University of Tasmania

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Assessing spatial associations between perceptions of landscape value and climate change risk for use in climate change planning

journal contribution
posted on 2023-05-18, 04:27 authored by Raymond, CM, Brown, G
This study examines spatially referenced perceived landscape values and climate change risks collected through public participation geographic information systems for potential use in climate change planning. Using survey data from the Southern Fleurieu Peninsula, South Australia, we present a method for identifying perceived landscape values and climate change risks to describe and quantify their spatial associations. Two spatial data models-vector and raster-and two analytical methods-Jaccard coefficients and spatial cross-correlations were used to describe the spatial associations. Results indicate that perceptions of climate change risk are driven, in part, by the values people assign or hold for places on the landscape. Biodiversity and intrinsic landscape values have strong spatial association with biodiversity loss risk while recreation values have strong spatial association with riparian flooding, sea-level rise and wave action risks. Other landscape values show weak to no spatial association with perceived climate change risks. The methodology described in this research provides a mechanism for government agencies to develop place-based adaptation strategies based on these associations.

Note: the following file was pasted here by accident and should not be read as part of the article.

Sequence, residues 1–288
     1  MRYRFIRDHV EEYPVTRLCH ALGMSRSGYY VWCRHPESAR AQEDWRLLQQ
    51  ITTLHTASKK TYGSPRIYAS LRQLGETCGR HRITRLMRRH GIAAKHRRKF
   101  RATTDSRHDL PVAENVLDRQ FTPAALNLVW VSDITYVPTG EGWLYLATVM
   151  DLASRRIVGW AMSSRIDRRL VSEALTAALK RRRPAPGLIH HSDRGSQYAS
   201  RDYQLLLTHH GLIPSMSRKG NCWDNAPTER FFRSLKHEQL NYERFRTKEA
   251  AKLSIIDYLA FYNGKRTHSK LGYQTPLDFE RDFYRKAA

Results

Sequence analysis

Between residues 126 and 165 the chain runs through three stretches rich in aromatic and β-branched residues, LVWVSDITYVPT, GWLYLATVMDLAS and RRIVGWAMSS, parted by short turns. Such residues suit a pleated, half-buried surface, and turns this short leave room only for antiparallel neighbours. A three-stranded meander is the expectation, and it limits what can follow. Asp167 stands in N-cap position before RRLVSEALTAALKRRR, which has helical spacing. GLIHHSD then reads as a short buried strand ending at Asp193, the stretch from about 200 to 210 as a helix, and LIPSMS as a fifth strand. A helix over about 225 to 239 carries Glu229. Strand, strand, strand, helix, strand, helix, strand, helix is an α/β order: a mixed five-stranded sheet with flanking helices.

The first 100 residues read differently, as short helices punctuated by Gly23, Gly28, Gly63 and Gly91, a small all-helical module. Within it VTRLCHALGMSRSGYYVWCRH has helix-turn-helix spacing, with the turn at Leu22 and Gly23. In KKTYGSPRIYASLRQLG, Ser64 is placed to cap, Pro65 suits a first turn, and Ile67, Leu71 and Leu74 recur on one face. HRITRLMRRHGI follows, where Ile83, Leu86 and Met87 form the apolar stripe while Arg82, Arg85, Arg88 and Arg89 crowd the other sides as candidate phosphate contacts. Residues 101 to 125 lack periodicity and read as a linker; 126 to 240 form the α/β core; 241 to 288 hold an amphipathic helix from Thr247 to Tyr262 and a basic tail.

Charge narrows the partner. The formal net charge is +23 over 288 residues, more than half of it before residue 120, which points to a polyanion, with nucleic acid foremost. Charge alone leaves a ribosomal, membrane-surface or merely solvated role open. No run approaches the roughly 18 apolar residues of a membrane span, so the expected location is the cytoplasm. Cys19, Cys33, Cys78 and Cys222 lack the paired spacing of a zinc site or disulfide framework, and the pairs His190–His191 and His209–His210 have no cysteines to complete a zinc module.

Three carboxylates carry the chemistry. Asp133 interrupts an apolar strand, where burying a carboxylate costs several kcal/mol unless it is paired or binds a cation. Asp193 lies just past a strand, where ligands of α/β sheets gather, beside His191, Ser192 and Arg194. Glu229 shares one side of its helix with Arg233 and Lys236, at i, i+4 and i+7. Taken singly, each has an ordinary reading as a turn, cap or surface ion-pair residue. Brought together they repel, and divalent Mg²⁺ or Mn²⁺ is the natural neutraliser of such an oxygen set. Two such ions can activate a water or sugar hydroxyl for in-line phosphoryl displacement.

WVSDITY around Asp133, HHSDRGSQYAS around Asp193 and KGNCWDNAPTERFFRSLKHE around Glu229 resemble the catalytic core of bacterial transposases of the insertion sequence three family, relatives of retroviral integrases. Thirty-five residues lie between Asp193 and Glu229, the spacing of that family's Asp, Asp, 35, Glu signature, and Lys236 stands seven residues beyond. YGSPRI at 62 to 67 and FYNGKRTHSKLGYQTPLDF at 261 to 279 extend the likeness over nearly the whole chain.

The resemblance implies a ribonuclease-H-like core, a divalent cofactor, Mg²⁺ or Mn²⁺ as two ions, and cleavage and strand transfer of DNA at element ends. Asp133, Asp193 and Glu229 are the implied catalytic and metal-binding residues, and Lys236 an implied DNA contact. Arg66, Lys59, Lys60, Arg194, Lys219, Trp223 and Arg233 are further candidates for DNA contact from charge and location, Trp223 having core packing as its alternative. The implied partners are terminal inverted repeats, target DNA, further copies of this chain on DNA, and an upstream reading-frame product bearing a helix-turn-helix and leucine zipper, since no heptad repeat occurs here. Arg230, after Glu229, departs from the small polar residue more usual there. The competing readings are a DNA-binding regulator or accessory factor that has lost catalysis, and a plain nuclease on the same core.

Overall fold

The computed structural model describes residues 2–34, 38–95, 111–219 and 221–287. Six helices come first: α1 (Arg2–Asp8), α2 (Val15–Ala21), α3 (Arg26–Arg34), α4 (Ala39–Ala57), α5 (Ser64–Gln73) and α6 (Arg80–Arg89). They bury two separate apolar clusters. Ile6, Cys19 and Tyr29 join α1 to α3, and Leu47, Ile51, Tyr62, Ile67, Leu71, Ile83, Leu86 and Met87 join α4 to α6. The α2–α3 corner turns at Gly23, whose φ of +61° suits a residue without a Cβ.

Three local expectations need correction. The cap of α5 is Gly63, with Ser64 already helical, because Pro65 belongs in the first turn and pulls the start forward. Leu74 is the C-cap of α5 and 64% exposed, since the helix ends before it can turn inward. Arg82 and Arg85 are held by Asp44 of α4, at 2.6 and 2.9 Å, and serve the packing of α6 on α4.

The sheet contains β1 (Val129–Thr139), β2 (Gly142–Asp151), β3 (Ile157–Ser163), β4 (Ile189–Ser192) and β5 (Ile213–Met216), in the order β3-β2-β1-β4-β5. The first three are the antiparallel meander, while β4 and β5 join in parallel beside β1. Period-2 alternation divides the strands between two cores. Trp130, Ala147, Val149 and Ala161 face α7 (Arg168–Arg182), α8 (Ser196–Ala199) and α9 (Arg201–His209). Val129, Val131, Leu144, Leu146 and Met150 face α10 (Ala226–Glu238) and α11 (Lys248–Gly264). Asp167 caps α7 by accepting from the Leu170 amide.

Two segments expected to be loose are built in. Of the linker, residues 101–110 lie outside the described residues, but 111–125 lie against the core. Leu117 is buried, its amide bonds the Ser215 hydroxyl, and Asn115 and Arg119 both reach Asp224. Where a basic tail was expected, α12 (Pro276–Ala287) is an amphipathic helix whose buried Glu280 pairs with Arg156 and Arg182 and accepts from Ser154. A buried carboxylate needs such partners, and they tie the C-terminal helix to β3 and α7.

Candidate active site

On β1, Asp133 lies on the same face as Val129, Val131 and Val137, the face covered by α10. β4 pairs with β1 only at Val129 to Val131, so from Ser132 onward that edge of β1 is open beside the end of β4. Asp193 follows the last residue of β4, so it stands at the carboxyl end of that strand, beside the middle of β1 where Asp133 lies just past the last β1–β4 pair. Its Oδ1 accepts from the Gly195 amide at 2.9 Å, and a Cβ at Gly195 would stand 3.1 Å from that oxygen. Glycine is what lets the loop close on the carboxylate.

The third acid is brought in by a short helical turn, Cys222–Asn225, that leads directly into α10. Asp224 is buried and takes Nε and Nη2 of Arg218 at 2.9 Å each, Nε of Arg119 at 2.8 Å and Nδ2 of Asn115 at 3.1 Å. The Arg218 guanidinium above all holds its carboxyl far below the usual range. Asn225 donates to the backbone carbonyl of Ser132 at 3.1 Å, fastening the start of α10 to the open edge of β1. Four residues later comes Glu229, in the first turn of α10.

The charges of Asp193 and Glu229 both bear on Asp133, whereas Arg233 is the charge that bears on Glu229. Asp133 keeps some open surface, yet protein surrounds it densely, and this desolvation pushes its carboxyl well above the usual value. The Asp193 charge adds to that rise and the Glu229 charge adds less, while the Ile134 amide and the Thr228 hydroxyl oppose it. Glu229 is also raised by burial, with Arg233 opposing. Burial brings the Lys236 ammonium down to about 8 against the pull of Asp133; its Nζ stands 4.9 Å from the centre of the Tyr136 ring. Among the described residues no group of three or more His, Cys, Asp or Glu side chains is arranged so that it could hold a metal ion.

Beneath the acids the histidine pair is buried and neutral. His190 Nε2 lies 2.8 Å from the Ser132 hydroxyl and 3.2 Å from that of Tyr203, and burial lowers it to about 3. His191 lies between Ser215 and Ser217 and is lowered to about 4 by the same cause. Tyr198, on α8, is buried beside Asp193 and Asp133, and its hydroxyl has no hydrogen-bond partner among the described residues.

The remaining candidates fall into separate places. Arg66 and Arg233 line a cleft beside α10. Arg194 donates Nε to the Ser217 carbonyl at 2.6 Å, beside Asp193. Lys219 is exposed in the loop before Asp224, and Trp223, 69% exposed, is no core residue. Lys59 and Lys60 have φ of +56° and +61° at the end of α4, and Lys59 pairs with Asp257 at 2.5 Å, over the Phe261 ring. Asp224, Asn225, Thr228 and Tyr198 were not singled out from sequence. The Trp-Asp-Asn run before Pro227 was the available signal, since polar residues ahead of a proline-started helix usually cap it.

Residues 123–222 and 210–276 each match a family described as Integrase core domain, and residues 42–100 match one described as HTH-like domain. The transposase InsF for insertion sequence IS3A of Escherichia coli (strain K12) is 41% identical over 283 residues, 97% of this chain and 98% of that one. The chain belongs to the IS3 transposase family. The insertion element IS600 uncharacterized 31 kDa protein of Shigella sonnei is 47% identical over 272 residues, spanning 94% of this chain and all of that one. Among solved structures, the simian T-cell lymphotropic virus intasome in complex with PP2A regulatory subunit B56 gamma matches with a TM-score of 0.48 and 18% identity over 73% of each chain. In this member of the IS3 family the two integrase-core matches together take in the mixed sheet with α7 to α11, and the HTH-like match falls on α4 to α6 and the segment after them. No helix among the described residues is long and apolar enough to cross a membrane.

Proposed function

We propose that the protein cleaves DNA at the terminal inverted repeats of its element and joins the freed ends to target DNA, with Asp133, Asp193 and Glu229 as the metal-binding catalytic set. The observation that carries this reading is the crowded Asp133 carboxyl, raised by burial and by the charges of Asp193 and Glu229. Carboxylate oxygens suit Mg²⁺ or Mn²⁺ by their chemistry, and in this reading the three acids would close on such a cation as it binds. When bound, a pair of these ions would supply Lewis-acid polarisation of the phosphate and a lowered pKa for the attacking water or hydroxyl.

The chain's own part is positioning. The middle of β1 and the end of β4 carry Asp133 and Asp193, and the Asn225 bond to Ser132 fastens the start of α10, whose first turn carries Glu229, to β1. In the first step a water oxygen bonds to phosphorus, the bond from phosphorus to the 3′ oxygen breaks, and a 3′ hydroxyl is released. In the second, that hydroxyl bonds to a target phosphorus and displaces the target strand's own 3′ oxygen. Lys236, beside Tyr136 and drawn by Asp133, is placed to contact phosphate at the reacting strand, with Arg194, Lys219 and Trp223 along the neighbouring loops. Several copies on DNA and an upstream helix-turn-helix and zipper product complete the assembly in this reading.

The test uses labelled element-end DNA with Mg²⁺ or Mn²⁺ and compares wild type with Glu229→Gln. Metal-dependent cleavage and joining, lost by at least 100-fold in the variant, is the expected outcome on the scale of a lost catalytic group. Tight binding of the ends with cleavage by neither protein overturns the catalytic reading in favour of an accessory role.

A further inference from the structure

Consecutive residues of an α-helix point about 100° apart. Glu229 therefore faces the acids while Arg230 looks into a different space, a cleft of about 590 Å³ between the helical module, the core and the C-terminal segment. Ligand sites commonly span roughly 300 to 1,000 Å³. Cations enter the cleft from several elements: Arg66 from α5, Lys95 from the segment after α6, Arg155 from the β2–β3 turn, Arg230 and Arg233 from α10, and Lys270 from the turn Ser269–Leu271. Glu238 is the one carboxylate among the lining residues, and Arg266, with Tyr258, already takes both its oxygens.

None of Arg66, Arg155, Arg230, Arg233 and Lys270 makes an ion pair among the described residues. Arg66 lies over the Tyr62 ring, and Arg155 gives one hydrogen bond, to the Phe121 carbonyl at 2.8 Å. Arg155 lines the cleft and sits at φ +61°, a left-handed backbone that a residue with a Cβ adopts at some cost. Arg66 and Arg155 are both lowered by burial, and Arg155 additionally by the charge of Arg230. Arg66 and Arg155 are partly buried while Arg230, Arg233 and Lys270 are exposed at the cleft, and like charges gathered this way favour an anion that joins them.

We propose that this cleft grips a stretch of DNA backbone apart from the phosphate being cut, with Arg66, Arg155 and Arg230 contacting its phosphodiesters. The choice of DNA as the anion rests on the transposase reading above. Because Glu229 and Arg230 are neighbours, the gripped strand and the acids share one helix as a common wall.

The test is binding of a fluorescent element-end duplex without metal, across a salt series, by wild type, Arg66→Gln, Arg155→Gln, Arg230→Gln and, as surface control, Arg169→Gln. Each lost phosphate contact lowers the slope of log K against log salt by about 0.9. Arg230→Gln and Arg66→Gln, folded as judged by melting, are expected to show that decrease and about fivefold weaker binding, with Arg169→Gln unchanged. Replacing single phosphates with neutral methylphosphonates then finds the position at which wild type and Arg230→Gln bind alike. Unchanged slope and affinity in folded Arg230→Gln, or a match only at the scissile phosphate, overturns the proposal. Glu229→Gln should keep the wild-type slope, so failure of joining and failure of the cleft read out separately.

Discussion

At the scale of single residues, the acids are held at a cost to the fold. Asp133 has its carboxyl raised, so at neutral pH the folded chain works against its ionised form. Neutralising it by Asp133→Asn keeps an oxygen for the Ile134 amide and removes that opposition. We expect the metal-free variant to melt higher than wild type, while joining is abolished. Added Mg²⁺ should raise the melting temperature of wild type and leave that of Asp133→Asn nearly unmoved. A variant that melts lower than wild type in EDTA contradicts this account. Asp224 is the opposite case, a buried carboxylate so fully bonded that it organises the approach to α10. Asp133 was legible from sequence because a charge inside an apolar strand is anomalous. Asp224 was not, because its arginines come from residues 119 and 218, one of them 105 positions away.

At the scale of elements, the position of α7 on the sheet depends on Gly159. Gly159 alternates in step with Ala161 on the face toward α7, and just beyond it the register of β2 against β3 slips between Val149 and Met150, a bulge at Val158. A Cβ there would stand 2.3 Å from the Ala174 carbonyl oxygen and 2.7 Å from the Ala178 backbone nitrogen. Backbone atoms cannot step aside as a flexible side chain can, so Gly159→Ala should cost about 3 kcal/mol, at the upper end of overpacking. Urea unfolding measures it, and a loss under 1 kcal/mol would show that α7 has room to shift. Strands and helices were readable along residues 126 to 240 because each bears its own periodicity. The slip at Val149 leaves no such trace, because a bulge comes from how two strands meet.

Publication title

Climatic Change










Tasmanian Institute of Agriculture (TIA)


Kluwer Academic Publ

Place of publication

Van Godewijckstraat 30, Dordrecht, Netherlands, 3311 Gz

Rights statement

Copyright 2011 Springer Science+Business Media

Repository Status

  • Restricted

Socio-economic Objectives

Assessment and management of Antarctic and Southern Ocean ecosystems